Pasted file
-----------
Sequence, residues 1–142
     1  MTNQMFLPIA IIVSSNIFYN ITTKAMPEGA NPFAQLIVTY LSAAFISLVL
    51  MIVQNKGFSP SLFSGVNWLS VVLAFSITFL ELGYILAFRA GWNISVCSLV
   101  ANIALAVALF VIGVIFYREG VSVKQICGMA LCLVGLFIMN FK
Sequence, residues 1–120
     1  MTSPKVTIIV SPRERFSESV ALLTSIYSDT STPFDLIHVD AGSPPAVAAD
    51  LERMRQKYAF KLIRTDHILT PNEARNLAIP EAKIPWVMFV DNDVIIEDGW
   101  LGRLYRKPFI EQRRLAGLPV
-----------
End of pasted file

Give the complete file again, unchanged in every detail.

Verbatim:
Sequence, residues 1–142
     1  MTNQMFLPIA IIVSSNIFYN ITTKAMPEGA NPFAQLIVTY LSAAFISLVL
    51  MIVQNKGFSP SLFSGVNWLS VVLAFSITFL ELGYILAFRA GWNISVCSLV
   101  ANIALAVALF VIGVIFYREG VSVKQICGMA LCLVGLFIMN FK
Sequence, residues 1–120
     1  MTSPKVTIIV SPRERFSESV ALLTSIYSDT STPFDLIHVD AGSPPAVAAD
    51  LERMRQKYAF KLIRTDHILT PNEARNLAIP EAKIPWVMFV DNDVIIEDGW
   101  LGRLYRKPFI EQRRLAGLPV